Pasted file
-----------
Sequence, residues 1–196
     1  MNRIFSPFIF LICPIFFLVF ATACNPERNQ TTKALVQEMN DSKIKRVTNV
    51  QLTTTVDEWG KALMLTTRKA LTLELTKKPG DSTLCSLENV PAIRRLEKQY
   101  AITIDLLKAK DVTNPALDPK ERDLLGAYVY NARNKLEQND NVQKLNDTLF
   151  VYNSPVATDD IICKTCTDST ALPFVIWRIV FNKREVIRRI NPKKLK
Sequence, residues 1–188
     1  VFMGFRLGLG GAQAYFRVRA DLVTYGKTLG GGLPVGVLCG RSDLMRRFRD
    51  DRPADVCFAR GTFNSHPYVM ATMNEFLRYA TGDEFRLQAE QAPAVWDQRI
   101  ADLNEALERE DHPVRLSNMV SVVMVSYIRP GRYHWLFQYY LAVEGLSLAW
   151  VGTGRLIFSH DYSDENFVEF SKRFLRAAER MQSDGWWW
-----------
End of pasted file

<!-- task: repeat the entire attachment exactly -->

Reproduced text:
Sequence, residues 1–196
     1  MNRIFSPFIF LICPIFFLVF ATACNPERNQ TTKALVQEMN DSKIKRVTNV
    51  QLTTTVDEWG KALMLTTRKA LTLELTKKPG DSTLCSLENV PAIRRLEKQY
   101  AITIDLLKAK DVTNPALDPK ERDLLGAYVY NARNKLEQND NVQKLNDTLF
   151  VYNSPVATDD IICKTCTDST ALPFVIWRIV FNKREVIRRI NPKKLK
Sequence, residues 1–188
     1  VFMGFRLGLG GAQAYFRVRA DLVTYGKTLG GGLPVGVLCG RSDLMRRFRD
    51  DRPADVCFAR GTFNSHPYVM ATMNEFLRYA TGDEFRLQAE QAPAVWDQRI
   101  ADLNEALERE DHPVRLSNMV SVVMVSYIRP GRYHWLFQYY LAVEGLSLAW
   151  VGTGRLIFSH DYSDENFVEF SKRFLRAAER MQSDGWWW